Jack Pearadin and Doug Nelsen found a 1.73-carat diamond after nearly a year of searching the park's field.
Jahari, the Little Rock Zoo's black rhinoceros, is finally going to get some satisfaction.
For the past year, the 13-year-old rhino has been making love to his Boomer Ball. His keepers now call the Boomer — an indestructible toy created with big animals in mind — “Girl Ball.”
Jahari, zoo spokesperson Susan Altrui revealed in a brief tell-all interview, is one horny rhino.
Now, Altrui says, relief is on the way, in the form of a female rhino. The two will meet in what Altrui calls a “howdy situation” — allowed to sniff and do “light touching” through bars.
Here's how a female rhino selects her mate in the wild, Altrui said: She rams him at speeds up to 30 miles per hour. That takes a running start, which won't be available in the black rhino area of the zoo. Fortunately, Jahari won't have any competition.
There is a pair of white rhinos at the zoo, Sue and Dudley. They are constantly getting it on, Altrui says. Dudley is 40, and Sue wears him out. Here's the kicker: Sue's past her childbearing years. She just finds Dudley irresistible, and vice versa. Who knew rhinoceroses (their name translates to horny nose, of course) were so lusty?
The big attraction at Peabody Park, the new playground in Riverfront Park just west of the Junction Bridge, is a water spray feature, a large circular plaza whose 20-foot waterspouts shoot up in unpredictable directions and patterns.
But if it weren't for that and the space net and giant tube slide and the giant red sculpture “Together” donated by the late Jack Fleischauer, a casual visitor might not recognize the park as playground. The earth has been scooped out and piled up into natural play areas: big grassy bowls connected by tunnels.
Peabody's most daring features are the boulders. They are piled high and meant to be climbed on. Real rocks with real lichen — for real kids. The Observer was astonished. Wow, we remarked to a city employee at last week's dedication of the park. Kids could actually fall down — like we did when we were kids. Yes, the employee said, the city attorney is throwing up in a bucket right now.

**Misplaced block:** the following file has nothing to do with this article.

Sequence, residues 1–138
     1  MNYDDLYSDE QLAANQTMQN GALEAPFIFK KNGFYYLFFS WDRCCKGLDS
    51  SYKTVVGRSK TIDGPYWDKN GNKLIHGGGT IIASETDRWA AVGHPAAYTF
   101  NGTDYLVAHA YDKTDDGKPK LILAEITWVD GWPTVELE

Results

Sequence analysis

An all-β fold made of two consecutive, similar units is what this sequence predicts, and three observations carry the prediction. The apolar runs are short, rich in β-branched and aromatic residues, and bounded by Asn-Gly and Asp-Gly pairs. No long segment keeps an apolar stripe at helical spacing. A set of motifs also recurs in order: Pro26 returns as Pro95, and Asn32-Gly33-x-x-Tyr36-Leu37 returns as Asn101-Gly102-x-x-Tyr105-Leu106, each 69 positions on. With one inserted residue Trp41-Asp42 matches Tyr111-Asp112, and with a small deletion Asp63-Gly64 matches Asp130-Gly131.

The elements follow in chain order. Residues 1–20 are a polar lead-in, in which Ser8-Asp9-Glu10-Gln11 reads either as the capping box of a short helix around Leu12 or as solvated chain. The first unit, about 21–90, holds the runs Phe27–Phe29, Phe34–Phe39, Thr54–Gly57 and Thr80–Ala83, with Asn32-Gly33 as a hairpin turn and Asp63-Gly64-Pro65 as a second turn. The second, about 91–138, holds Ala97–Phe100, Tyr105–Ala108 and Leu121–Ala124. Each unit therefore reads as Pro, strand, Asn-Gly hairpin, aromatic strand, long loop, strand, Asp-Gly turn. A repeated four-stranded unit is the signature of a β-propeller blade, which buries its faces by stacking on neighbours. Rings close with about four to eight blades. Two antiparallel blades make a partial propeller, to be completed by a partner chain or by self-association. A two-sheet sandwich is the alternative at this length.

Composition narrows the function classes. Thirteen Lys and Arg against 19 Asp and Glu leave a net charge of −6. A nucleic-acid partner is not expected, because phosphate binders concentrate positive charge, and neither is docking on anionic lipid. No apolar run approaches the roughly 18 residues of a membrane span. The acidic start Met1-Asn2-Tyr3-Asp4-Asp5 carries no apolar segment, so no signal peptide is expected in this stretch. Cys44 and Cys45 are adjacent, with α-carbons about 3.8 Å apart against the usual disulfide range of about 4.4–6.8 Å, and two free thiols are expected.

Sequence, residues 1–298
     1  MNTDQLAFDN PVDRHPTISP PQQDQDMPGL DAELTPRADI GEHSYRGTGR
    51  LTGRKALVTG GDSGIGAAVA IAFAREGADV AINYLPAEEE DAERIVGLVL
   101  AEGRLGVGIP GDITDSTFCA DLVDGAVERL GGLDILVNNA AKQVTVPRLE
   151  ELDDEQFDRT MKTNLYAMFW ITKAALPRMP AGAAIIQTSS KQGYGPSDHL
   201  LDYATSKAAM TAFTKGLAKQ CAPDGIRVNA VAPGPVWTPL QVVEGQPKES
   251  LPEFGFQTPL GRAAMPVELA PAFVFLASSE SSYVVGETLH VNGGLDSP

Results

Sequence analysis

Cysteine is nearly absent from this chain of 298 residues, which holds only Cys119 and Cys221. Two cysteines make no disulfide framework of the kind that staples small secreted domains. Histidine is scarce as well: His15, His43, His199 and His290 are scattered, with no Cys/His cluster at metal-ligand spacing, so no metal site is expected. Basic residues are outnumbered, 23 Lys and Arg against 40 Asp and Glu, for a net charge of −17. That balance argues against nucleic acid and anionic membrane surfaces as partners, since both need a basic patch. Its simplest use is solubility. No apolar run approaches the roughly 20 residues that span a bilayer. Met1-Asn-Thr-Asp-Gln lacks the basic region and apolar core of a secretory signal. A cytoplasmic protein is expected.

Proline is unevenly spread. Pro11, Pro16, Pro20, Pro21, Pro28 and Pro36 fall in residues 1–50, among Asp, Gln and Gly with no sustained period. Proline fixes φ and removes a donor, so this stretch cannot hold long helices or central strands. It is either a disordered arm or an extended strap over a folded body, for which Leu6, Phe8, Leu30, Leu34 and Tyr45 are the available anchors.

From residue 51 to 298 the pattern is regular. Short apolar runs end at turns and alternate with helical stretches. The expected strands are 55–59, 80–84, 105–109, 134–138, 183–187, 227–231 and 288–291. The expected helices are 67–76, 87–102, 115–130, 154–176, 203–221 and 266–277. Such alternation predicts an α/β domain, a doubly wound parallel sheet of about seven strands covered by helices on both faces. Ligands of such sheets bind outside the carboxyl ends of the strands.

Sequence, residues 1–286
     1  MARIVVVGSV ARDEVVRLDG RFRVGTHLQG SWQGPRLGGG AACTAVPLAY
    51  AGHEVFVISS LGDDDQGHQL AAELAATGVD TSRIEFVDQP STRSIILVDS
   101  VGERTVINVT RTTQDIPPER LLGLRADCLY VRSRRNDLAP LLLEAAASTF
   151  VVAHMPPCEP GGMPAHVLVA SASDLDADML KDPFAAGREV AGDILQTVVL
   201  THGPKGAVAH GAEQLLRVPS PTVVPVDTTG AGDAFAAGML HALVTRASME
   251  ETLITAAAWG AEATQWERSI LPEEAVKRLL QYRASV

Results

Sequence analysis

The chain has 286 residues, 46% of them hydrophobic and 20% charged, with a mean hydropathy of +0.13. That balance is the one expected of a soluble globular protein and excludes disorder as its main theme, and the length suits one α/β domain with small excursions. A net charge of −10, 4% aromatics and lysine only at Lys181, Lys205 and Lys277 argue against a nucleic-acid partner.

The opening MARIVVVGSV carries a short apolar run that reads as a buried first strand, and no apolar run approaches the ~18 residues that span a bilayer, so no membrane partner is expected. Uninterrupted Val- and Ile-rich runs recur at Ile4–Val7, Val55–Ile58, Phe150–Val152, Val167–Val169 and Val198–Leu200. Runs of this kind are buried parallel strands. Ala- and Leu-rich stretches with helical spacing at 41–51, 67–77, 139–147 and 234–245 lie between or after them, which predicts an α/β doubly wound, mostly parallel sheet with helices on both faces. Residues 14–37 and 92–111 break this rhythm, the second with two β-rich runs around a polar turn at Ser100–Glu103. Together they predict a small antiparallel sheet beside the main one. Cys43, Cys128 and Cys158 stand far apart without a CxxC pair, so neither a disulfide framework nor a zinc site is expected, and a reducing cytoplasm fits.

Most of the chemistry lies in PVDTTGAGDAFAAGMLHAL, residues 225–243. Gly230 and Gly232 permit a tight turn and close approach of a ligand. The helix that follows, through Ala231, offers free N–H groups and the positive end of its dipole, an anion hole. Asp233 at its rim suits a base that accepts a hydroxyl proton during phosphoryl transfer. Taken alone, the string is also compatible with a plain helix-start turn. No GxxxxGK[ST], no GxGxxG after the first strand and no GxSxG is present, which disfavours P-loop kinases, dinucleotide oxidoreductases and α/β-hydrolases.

It won't be exactly like a fall in the 1950s. The land surface is covered with a super bouncy material. But close enough.
That's what City Director Dean Kumpuris observed approvingly as he watched the horde of kids who'd broken through a paper wall to initiate play at the park. They were sliding on cardboard down the grassy slope, bouncing off one another, running, climbing up the rocks to get to the top again.
Over in the water, a little boy missing his front teeth, running from the waterfall that appears from underneath the new Ozark Pavilion back through the spray to his mother on the side, yelling “Awesome! Awesome! Awesome!”
Work started in 2006; labor was provided by city crews. Some bond money, $250,000 from the Peabody Hotel, private contributions and the lcity's in-kind were worth an estimated $2 million.
To come: Two more sculptures, signage and bronze ducks.
The Parks Department has figured out a way to discourage some of the overnight guests at the park from snoozing in the tunnels: Sprays of water will go off inside intermittently throughout the night. There will be round-the-clock security as well, parks people say.
Will the children come? Will they play beside the wetland created along the water feature runoff? Will they sit in the “Tree Room”? Will they work off the junk food? Build some muscle? Sprint to the Junction Bridge for a view of the river? That's the big idea.
Im KINBALY JAMAIS, I contracted HIV in 2011, I was told by my doctor that…